'I've never felt a building with that much energy': Medicine Hat locals look back on legendary arena

Since the 1970's the old rink has been known as one of, if not the loudest and most energetic rinks in junior hockey.

Like most Canadian communities, Medicine Hat has a real sentimental attachment to the city's old rink, but now, locals are getting ready to say their final goodbyes.

The Medicine Hat Arena is set to be demolished and although there is no set date as to when the 51 year-old rink will come down, residents say they will be sad to see it go.

"It's kind of strange that they're just going to toss all those memories away," said one Medicine Hat local born and raised in the city.

"There were always so many people in there all the time. I went to my first concert there!"

Since the 1970's the old rink has been known as one of, if not the loudest and most energetic rinks in junior hockey.

It was constantly sold out, and for fans lucky enough to score tickets to a big game, they were rarely disappointed.

"When there was around 4,000 people at the 2006-07 WHL Championship game seven in double overtime against the Vancouver Giants, I've never felt a building with that much energy," said former manager of recreation for the City of Medicine Hat Dave Young.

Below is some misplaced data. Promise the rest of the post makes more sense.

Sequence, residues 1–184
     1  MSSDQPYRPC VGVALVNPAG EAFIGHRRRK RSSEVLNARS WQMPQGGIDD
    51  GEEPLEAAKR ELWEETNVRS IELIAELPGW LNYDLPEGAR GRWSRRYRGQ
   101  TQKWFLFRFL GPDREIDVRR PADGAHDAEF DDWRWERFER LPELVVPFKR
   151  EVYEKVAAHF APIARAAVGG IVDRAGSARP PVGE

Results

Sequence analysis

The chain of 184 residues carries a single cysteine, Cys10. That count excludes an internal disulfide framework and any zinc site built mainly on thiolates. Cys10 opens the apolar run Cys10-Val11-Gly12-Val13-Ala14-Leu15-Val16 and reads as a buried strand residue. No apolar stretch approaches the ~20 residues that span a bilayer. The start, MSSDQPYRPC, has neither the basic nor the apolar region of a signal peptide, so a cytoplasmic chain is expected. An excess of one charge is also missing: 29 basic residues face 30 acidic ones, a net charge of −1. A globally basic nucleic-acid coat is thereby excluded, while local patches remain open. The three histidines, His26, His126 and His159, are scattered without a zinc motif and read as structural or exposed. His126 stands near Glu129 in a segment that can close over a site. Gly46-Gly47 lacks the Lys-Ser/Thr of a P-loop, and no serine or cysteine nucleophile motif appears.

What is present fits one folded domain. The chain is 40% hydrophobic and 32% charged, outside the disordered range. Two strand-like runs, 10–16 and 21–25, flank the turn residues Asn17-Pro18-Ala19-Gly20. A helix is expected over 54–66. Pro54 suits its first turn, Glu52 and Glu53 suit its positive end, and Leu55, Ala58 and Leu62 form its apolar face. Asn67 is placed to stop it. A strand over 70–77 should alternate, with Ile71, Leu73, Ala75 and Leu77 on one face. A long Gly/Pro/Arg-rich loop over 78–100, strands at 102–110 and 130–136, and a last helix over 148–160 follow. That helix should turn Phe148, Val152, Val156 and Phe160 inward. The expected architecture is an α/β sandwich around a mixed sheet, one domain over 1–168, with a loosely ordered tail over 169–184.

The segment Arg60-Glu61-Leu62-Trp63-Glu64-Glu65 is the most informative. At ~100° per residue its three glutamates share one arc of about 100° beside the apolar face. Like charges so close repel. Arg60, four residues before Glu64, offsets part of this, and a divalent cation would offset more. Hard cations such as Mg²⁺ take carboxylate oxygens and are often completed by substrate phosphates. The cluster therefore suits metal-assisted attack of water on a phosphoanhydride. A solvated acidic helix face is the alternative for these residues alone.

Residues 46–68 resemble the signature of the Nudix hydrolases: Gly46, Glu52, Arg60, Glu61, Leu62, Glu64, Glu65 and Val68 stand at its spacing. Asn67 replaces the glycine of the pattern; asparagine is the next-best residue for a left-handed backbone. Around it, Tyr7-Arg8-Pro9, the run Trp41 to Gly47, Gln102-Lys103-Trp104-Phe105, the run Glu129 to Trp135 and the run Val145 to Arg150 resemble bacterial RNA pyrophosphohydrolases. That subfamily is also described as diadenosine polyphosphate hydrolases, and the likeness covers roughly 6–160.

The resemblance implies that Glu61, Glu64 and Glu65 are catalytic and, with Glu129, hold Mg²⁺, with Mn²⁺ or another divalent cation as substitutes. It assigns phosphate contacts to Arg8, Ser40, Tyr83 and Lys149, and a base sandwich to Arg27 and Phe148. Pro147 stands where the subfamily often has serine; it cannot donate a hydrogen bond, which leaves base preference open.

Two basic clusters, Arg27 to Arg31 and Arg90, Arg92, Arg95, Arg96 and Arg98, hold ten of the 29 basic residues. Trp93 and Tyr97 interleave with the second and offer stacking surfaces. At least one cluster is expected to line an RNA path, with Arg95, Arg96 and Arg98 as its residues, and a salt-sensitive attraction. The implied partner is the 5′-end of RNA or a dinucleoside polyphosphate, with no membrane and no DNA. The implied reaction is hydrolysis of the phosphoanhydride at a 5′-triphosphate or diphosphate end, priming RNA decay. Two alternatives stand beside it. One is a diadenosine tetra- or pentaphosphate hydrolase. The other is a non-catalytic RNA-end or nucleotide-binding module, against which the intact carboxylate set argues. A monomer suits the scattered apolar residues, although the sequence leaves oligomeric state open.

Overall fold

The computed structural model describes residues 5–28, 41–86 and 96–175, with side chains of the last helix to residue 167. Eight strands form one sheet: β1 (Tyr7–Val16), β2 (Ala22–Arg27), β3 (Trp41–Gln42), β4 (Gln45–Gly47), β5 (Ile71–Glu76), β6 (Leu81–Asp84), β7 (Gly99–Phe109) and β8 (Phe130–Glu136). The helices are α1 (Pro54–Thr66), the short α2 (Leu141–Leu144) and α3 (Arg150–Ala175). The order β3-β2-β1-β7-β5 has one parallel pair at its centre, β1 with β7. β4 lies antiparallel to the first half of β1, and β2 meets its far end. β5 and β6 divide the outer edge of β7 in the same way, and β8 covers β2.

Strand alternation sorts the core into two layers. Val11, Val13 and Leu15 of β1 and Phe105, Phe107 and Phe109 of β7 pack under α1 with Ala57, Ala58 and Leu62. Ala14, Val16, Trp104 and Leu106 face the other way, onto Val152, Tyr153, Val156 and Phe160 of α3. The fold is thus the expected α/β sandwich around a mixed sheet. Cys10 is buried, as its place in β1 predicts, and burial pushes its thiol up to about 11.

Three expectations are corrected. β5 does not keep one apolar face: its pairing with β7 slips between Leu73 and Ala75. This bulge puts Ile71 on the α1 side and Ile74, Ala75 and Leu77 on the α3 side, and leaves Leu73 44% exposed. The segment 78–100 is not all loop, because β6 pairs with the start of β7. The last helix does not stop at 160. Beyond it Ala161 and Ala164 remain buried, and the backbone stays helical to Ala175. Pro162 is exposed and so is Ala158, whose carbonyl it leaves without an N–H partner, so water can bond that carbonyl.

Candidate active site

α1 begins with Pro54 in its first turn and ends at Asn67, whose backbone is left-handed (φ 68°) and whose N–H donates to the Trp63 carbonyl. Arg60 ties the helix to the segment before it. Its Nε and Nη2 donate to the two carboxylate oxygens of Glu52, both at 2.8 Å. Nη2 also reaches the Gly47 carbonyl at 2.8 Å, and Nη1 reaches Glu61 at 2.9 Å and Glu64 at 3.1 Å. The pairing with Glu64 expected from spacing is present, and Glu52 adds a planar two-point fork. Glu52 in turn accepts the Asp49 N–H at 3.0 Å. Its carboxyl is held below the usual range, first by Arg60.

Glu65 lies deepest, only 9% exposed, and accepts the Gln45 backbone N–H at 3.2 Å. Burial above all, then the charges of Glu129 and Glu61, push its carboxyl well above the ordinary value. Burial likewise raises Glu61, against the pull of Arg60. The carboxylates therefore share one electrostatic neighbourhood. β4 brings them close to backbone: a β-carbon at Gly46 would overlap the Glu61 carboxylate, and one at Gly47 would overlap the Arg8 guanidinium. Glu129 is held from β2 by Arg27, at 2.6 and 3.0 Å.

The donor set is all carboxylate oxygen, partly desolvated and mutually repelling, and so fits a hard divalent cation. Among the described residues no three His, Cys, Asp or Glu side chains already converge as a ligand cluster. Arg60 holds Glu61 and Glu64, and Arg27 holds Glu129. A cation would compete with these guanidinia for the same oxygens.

"You could just feel that people were just waiting for something big to happen. I've never felt a building vibrate like that, and I don't think you see that in the new buildings."

The Tigers went on to win that game, claiming the franchises fifth league title, when Brenna Bosch scored on a wrist shot from the top of the circle beating Giants' goaltender Tyson Sexsmith low blocker-side with a little under 13 minutes left in double overtime.

Despite having broadcasted more than 4,000 WHL games over the course of his legendary career, even play-by-play announcer Bob Ridley regards that moment as the most memorable goal he's ever called.

The facility did have its fair share of challenging moments over the years, including having to recover from massive flood damage in 1995, 2005 and 2013.

Though all the ups and downs, the people of Medicine Hat have stood by the rink every step of the way.

"It was really adopted by the community. It was their building, they supported it. It was truly built for Tiger hockey," said Young.

"Sure, it wasn't the best building for concerts and entertainment, like any old building the acoustics weren't great, but you know what, it was still a hub for the community."

The Medicine Hat Tigers moved into the much newer, and bigger, Co-op Place in 2015.

There is still one silver lining for fans and collectors: memorabilia from the rink including seats and tee-shirts will be auctioned off before the building is torn down, but the exact demolition date is yet to be determined.

The plan is to build condos where the arena is currently located.          

There was supposed to be an event on Saturday for fans to take one last tour of the facility and bid on pieces of the rink, but that was cancelled due to rising COVID-19 numbers in the city.